The Basic Elements of JIT
JIT or just in time is a concept that each one of us practices unknowingly throughout our waking hours. One gets up in the morning just in time to complete the various actions that constitute the beginning of the day. Whether it is making that cup of coffee, going down to the gym, or even watering your garden, most of us have fixed schedules with tasks that need to be completed before moving on to the next item or beginning our day.
The elements of JIT, when applied to manufacturing, ensure that parts or raw materials arrive on the factory floor only at the point of required use or when they are actually needed. Not only does this help with inventory control and costs, but also with inventory storage concerns. Ideally, JIT also ensures that the finished product is only achieved when it is required by the end user or customer. If such JIT methods are properly implemented, the vast savings in inventory can translate to lower costs and benefit the customer as well as the manufacturer.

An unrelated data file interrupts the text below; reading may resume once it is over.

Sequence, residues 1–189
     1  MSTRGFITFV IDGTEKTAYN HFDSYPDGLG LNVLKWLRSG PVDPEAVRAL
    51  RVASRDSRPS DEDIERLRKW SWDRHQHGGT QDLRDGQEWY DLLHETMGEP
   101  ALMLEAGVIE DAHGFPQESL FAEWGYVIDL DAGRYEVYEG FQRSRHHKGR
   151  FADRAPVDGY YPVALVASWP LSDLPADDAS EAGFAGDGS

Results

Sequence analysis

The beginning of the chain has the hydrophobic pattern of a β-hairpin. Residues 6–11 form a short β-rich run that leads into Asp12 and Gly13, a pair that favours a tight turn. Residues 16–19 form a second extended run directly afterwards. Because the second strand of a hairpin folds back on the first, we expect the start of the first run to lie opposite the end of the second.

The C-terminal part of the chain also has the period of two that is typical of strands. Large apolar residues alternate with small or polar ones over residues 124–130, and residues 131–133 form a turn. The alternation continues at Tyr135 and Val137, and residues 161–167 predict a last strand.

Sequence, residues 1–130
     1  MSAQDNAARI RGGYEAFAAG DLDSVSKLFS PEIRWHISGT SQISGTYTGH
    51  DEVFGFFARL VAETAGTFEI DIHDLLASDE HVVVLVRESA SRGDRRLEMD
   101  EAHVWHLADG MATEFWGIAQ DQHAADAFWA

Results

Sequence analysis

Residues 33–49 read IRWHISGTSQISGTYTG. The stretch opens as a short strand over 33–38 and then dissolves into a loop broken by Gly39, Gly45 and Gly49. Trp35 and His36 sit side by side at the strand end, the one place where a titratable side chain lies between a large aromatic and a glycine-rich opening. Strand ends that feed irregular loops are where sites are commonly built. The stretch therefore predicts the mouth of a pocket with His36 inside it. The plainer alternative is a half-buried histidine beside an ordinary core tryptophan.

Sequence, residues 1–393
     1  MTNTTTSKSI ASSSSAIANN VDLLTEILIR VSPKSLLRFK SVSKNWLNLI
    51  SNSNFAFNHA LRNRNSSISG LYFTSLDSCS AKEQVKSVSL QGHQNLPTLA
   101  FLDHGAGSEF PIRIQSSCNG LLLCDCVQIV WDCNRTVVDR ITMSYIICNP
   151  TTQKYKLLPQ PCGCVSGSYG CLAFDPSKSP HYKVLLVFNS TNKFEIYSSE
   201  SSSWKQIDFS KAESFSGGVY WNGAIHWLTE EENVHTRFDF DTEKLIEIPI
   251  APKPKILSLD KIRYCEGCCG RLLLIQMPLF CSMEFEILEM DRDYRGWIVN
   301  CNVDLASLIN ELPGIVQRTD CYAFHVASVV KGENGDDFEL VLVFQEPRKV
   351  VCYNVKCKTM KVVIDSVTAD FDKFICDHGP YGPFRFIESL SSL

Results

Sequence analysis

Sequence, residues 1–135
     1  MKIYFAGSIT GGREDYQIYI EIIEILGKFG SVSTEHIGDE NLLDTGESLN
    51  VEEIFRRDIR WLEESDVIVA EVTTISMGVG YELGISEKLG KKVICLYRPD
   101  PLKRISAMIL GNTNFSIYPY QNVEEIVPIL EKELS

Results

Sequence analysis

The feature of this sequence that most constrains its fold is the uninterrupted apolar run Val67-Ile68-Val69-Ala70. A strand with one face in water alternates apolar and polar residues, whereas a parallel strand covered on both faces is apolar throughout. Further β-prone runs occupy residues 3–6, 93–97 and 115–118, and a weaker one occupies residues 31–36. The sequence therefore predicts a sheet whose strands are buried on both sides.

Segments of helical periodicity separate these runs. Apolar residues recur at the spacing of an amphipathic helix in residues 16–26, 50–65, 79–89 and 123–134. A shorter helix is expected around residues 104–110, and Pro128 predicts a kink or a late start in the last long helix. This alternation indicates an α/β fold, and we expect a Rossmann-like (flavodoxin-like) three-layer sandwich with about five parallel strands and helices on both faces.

Wallace. J. Hopp, a Herrick Professor of Manufacturing at the University of Michigan and an expert on JIT, has defined JIT as "an approach to achieving excellence in a manufacturing company based on continuing elimination of waste and consistent improvement in productivity."
JIT was originally conceived as a means to eliminate waste. Items were allowed to move into a production system only when they were needed. The elements of JIT include establishing processes that ensure items moved into the production system are at acceptable levels with no defective parts.